Commonly known as cockatoo grass in Australia and black seed grass in South Africa, Alloteropsis semialata is unique among plants in having forms that use C4, C3 and intermediate (C3-C4) types of photosynthesis. As such, the plant serves as a compelling model to discern the evolution of photosynthesis by comparing a continuum of leaf anatomy of each photosynthetic type.
It is widely distributed in tropical and subtropical areas of Africa, Australia and Asia In the southern African region of Zambia, these plants all coexist in the same geographic region, with C4 forms that have also spread out across the Old World tropics, as far as South East Asia and Australia. Marjorie Lundgren, the lead-author of the paper, travelled extensively to Tanzania, Zambia, Australia, South Africa, Mozambique, Zimbabwe and Cameroon. She collaborated with local botanists, and collected plant materials in this internationally collaborative research effort.
Once they had their samples, the team then quantified the anatomical changes in the leaf that accompanied the transition from non-C4 to C4 phenotypes.
Marjorie and the other researchers tried to piece together 3 key events. What happened before the evolution of C4, what happened during the evolutionary event in C4 plants and what happened afterwards in some of the C4 plants.
And they reasoned that the traits that existed before the evolution of C4 will be shared by some of the non-C4 members. However, properties which took place subsequently as an adaptation will be restricted to C4 plants.
Results showed that C3, C3-C4 and C4 Alloteropsis semialata all have distinct leaf anatomy. However, the only trait shared among all C4 individuals – and none of the non-C4 plants – is an increase in vein density, specifically minor vein development.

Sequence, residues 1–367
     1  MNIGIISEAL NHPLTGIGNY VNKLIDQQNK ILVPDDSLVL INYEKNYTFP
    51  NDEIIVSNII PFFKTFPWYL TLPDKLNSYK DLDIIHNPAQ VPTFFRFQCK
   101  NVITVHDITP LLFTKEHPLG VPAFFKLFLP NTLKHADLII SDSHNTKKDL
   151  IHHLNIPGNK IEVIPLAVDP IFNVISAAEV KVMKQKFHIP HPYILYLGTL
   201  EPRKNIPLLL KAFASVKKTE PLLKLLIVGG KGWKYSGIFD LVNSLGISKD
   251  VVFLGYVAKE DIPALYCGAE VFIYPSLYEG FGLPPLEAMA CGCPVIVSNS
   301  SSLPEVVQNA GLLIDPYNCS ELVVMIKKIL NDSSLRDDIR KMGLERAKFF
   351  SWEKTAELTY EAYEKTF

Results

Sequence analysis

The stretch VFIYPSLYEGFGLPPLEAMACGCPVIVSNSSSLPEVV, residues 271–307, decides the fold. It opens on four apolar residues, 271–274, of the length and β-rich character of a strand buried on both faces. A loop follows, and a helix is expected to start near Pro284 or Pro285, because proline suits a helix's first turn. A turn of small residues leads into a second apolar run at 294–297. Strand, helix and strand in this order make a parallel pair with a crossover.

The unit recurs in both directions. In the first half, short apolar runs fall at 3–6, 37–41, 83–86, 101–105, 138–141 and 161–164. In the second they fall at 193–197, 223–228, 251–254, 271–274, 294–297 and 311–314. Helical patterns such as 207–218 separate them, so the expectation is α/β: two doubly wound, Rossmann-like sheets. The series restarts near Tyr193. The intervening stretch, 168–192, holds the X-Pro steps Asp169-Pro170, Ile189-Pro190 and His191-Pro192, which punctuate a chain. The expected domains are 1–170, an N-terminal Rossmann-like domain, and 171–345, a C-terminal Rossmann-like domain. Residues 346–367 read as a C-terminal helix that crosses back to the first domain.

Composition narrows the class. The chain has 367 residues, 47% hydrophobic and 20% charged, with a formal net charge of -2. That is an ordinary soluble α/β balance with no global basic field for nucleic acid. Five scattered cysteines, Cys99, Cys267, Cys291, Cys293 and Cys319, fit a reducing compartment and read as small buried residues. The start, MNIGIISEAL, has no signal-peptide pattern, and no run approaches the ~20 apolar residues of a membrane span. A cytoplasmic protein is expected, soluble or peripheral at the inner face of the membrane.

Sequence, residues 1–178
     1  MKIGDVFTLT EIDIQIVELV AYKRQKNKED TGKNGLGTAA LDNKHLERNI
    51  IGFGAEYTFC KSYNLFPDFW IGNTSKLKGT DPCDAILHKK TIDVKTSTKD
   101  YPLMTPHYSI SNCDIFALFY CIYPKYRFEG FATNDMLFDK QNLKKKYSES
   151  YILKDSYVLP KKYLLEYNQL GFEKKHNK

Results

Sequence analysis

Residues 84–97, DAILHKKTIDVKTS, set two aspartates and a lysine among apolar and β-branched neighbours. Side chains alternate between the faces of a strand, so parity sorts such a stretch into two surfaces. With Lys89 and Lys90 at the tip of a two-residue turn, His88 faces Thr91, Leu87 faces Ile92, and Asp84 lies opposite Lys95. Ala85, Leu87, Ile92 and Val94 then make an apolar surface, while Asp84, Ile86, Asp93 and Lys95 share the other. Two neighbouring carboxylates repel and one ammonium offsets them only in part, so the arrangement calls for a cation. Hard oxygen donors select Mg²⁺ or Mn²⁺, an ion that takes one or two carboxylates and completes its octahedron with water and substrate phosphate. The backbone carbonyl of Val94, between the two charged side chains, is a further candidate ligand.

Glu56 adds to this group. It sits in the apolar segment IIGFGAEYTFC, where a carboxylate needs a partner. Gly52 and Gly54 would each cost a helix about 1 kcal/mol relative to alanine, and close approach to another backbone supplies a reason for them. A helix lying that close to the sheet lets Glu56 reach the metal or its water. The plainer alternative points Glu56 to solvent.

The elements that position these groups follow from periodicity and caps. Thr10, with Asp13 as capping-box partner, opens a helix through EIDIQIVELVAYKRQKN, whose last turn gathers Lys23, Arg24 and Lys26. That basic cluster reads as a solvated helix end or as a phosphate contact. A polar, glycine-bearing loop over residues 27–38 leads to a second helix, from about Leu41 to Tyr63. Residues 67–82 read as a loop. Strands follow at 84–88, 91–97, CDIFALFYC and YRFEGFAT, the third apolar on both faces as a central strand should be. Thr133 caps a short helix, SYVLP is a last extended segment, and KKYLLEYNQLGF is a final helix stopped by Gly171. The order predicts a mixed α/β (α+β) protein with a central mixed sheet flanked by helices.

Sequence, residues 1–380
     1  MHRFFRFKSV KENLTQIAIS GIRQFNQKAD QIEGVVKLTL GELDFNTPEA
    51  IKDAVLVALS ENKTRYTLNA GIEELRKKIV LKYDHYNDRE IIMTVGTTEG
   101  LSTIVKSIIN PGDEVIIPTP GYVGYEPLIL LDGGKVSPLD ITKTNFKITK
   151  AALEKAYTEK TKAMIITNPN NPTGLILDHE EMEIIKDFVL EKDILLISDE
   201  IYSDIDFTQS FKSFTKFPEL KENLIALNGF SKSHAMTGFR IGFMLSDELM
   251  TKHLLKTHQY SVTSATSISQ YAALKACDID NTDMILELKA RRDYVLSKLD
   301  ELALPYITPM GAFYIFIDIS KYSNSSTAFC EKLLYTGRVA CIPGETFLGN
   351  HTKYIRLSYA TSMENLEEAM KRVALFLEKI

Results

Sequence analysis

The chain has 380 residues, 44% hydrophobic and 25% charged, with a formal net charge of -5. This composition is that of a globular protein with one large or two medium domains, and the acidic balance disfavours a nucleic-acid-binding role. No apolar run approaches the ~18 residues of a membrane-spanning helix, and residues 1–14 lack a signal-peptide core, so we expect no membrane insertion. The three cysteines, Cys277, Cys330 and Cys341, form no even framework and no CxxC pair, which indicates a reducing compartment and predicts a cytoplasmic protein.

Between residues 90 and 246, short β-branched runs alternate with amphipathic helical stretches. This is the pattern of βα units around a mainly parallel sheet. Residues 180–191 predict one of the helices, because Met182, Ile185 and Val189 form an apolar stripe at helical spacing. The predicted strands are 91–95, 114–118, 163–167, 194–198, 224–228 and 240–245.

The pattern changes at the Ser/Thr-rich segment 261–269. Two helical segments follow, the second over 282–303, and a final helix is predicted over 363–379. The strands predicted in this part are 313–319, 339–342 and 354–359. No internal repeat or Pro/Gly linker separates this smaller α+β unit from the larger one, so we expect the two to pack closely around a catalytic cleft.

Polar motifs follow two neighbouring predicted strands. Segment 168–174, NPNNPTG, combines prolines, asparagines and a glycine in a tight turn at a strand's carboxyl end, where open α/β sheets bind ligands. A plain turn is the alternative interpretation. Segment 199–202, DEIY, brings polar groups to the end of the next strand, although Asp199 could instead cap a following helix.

Minor veins in C4 plants increase the volume of bundle sheath cells in the leaf. In turn, these boost the activity of Rubisco, distinguishing C4 plants. Frequent and regularly spaced minor veins in leaves is universally and uniquely associated with the C4 genome, which helps to establish the overall anatomical variation between non- C4 and C4 phenotypes.
Professor Colin Osborne explains it this way: ‘C4 photosynthesis evolved by modifying the leaves of non-C4 species. However, most C4 plants are distantly related to non-C4 plants and have changed in a multitude of ways. The challenge for researchers is to get closer to the evolutionary transition from non-C4 to C4. Studying the huge variation within the Alloteropsis species lets us do this, to figure out what changed and when.’
Overall, the team successfully recognised the leaf features that differed consistently between C4 and non-C4 plants: the insertion of many small veins. And these veins led to a leaf anatomy suitable for C4 photosynthesis.
With the global populations growing, food shortages are here to stay. As a result we need more high yielding crops to ensure food security. One way to meet this need would be the introduction of C4 traits into rice. These traits would increase photosynthetic efficiency, thereby increasing crop yields which could help reduce world hunger.
As a result of this study, there is now hope for engineering C4 photosynthesis in rice. Collaborative efforts between the International Rice Research Institute, Philippines, and various organizations across the world now aim to do just this. Focus will be on the manipulation of genetic, anatomical and biochemical traits guided by the C4 pathway.
Armed with knowledge of developmental change, the team now hopes to research the genetic changes responsible for C4 anatomy.
If you want to read the full paper, then look here: https://doi.org/10.1111/ele.13191
The main image shows lead-author (left) Marjorie Lundgren collecting samples in the field with collaborators. Image by Marjorie Lundgren.
Edited by Claire Moran.